(Literary Masterpieces, Critical Compilation)

Kingsley Amis is decidedly part of the “great tradition” of the English novel, in turn a branch of the older tradition, going back to Geoffrey Chaucer, of the realistic comic narrative in which pure humor and satire contend for prominence. He deposits his heroes firmly and inescapably in the everyday social world and forces them to learn that the road to the happy ending is a rocky one that exacts its toll on the traveler.

Amis, who served notice of his intention to join and enrich that tradition four decades earlier with the eminently successful Lucky Jim (1954), a novel with an academic setting, makes one of his periodic returns to academia in The Russian Girl. Here his blundering hero is not an angry young man but a rather confused middle-aged one who is nevertheless recognized as the reigning Russian literature authority at the London Institute of Slavonic Studies in the waning years of the Soviet Union’s existence. There is, however, little of academia on display in the book. Chiefly Richard Vaisey is seen living comfortably above his academic means because of, but not exactly thanks to, his wealthy and still beautiful wife. Unkind comments by Richard’s friends and colleagues make it clear, even before Cordelia Vaisey is permitted to demonstrate her ruthless and vindictive nature, that she is a dreadful woman and that it is beyond common understanding how Richard can live with her.

In fact, Richard lives with her only in the sense of sharing the same house. He has not loved his wife for some time, and early in the novel he is found wondering whether he ever did. A phlegmatic man whose only passion has been Russian literature, he has centered his life on his scholarly work at the institute. This life is complicated in June, 1990, by the arrival in London of a young woman billed as an important Russian poet. Speaking almost no English but determined to establish her credentials in England, Anna Danilova plausibly enough gravitates to a man who speaks fluent Russian and appears well equipped to publicize her poetry. Her motive, however, is less literary than political. Her ne’er-do-well brother back in the Soviet Union is being held in prison, presumably beyond the termination of his sentence. Apparently believing that if he becomes known as the brother of an internationally recognized poet, he is more likely to be freed, she hopes to use Richard to promote her literary status.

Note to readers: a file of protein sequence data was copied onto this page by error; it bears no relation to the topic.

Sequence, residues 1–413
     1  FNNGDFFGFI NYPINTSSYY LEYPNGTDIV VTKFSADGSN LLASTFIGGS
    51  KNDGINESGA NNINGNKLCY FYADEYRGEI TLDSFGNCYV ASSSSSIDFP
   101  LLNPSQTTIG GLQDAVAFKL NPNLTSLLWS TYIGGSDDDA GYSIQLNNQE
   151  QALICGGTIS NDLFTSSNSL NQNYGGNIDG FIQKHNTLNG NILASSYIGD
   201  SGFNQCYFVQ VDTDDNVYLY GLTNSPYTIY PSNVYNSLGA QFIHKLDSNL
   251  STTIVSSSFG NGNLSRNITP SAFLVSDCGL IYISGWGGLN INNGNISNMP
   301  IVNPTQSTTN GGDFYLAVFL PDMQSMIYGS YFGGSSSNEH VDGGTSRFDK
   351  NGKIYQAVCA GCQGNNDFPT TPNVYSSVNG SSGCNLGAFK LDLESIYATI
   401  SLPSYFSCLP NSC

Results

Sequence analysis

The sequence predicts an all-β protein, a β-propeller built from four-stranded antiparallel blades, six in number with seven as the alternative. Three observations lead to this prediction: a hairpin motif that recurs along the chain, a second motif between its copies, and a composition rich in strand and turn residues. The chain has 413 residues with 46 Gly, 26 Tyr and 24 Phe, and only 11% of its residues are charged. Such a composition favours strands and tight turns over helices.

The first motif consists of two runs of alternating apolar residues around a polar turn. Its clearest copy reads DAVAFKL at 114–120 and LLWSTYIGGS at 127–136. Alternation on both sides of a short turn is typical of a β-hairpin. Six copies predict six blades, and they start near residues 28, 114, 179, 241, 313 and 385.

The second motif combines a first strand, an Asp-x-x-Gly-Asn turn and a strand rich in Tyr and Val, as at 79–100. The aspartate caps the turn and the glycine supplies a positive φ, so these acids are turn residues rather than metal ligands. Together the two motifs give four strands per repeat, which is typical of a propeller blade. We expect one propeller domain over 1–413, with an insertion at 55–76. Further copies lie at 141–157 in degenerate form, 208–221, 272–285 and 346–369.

Richard finds Anna tremendously attractive, but he also quickly discovers that her poetry is bad—not merely bad but execrable. (One can imagine the fun Amis had cranking out samples of her verse.) With surprisingly little thought of personal or professional consequences, he falls, though vaguely, into her promotional scheme. Inept in nearly all the practical aspects of life, Richard has long relied heavily on the friendship of his chairman at the institute, Tristram Hallett, and his wife’s former brother-in-law, Crispin Radetsky, to guide him through all problems of life other than those of teaching or writing. Crispin, despite a Czech heritage that might be expected to argue against such efforts on behalf of a Soviet citizen, agrees to orchestrate the Danilova project.

Cordelia, gifted with the ability to compel all sorts of personal services from her friends, lounges through life, seldom setting foot outside her home, but she possesses a keen antenna for possible disruptions of her lazy, comfortable existence. Hearing of Anna, she begins to suspect Richard of infidelity even before the fact. As the Vaiseys’ mutual indifference gradually ripens into something more poisonous, Richard begins to hate her “a certain amount.” Not until he announces that he is leaving her, however, does she abandon the role of passively jealous wife and turn on a fountain of amazingly effective retaliation. Suddenly he finds himself with no financial resources except his own rather meager ones and unaccountably in trouble with the law at every turn. Cordelia’s vindictiveness extends even to her own woman friend who inadvertently allows Richard back into the house to pick up some of his personal belongings on his way to a new life with Anna.

Although Richard has upheld his professional judgment sufficiently to tell Anna of his dislike for her poetry, his real test comes when Crispin requests that he sign a statement calling Anna “a poet of major achievement and international importance.” It is this choice, not his abandonment of his wife, that constitutes his major moral challenge, for it will determine not merely his marital but also his professional future.

The Russian Girl is chiefly inhabited by characters even more appallingly ill-bred than is...

(The entire section is 1916 words.)